Hip replacement is an effective treatment for osteoarthritis, says a study that followed patients for an average of eight years after surgery.
Previous studies have warned against this surgery stating that it is not beneficial. But, the new research says that they only followed patients for a period of one-year.
The study, led by Professor Cyrus Cooper and Ms. Janet Cushnaghan of the University of Southampton in Southampton, UK, reviewed 282 patients who had OA and were placed on the waiting list for a hip replacement between 1993 and 1995.
The study also included 295 matched controls from the general population.
At the beginning of the study, patients were interviewed about hip injury, pain, physical function, vitality and mental health.
In addition, their BMI was calculated, their hands were examined for Heberden's nodes, an indication of OA, and their hip X-rays were evaluated for severity of OA.
Between 2001 and 2004, the patients completed a self-administered questionnaire asking if and when they had undergone hip replacement, as well as questions about their physical function, vitality and mental health.
Follow-up of the patients took place an average of eight years following hip replacement.
The analysis of the study revealed that patients who were waiting for a hip replacement had markedly worse physical functioning than the controls but only small differences in vitality and mental health at the start of the study.
By the time of the follow-up, the physical functioning of the OA patients had improved, while that of the controls had deteriorated, but their vitality had deteriorated.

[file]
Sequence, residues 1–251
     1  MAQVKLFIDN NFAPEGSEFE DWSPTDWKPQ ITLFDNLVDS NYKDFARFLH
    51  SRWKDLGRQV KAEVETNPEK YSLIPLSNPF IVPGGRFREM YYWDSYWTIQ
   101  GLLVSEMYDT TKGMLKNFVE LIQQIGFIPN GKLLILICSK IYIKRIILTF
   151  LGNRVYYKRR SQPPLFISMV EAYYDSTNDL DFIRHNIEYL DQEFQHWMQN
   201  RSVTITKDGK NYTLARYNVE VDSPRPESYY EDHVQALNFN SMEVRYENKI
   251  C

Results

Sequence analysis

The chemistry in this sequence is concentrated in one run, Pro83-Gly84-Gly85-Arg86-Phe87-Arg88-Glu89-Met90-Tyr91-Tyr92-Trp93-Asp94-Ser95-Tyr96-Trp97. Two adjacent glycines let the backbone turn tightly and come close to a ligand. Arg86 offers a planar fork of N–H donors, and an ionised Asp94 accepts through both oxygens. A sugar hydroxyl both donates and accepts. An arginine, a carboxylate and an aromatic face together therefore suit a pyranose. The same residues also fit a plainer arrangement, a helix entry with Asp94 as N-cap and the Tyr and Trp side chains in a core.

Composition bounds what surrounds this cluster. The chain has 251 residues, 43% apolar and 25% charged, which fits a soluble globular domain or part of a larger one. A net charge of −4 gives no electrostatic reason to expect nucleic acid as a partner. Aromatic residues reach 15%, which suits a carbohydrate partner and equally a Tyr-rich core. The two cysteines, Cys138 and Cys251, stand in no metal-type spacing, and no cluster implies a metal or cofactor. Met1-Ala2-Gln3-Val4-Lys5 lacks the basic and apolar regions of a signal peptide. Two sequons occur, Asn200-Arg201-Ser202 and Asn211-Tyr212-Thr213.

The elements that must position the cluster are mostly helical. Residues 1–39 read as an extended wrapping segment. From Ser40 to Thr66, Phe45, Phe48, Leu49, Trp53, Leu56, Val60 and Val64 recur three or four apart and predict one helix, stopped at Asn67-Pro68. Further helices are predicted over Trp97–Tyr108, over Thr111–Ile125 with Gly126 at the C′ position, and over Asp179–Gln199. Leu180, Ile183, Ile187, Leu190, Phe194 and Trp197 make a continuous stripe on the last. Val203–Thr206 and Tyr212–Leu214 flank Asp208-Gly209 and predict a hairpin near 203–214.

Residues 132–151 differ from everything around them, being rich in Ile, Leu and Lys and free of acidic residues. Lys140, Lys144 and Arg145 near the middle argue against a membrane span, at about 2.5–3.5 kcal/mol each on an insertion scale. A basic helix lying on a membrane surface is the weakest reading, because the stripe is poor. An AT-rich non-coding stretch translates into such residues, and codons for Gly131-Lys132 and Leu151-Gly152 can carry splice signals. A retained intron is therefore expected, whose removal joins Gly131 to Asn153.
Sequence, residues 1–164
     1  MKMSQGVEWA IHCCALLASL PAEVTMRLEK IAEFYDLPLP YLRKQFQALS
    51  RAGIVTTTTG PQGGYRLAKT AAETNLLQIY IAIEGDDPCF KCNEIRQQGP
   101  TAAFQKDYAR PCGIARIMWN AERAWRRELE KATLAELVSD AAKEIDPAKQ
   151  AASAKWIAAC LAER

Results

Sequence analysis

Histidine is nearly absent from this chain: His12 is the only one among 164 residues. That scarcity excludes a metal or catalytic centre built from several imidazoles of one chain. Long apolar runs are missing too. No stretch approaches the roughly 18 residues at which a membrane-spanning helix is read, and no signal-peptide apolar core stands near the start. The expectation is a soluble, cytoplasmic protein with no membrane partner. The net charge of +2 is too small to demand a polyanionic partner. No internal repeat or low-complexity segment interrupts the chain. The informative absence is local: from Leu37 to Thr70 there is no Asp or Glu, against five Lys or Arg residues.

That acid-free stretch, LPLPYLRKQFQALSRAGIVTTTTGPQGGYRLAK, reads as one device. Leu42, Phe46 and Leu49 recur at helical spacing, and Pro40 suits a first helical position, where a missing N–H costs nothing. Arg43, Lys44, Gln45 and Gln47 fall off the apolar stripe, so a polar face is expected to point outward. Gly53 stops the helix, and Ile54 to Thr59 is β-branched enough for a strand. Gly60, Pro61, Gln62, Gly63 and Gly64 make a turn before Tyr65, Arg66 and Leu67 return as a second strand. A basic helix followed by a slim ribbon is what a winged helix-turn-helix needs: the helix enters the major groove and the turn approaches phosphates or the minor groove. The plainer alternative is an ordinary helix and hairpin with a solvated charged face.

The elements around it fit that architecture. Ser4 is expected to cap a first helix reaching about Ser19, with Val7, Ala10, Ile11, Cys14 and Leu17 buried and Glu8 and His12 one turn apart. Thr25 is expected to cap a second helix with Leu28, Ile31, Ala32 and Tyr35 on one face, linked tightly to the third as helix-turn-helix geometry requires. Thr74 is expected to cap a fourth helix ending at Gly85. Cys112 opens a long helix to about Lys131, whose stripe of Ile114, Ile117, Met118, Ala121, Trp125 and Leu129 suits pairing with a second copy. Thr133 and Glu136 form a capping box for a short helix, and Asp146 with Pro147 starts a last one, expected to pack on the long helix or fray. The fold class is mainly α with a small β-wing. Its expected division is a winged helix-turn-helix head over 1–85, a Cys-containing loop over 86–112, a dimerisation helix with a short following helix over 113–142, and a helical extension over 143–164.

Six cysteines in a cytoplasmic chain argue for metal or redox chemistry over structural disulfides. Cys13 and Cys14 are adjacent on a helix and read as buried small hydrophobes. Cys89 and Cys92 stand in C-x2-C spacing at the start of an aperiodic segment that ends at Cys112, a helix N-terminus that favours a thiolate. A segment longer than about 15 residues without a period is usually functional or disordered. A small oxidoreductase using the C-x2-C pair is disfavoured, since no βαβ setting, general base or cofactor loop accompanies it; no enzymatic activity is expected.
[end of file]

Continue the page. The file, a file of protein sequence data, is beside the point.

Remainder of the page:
In addition, better physical functioning at the start of the study was associated with a greater decline at follow-up, but higher BMI seemed to have no impact.
Those with more severe OA according to their X-rays showed the most improvement in physical functioning.
"Our findings are consistent with a sustained beneficial impact on physical functioning following THA for OA, but we found no evidence for parallel improvement in vitality or mental health," Cooper said.
The researchers contemplated that the study was limited because it was an observational investigation as opposed to a randomised controlled trial and information about the patients' disease and surgical procedures was limited.
However, this weakness was offset by the fact that the study had a long follow-up interval and a relatively large number of patients and controls.
"Even when allowance is made for possible confounding effects, the long-term improvement in the physical functioning of the cases is striking when set against the decline that occurred in controls," the authors said.
They suggested that the benefits of hip replacement were substantial and long lasting.
The scientists concluded that the study adds to the accumulating evidence of the long-term benefits of hip replacement, especially in patients with more severe changes seen on X-rays, and that perhaps these patients should be given higher priority for the procedure.
The study is published in the December issue of Arthritis Care & Research.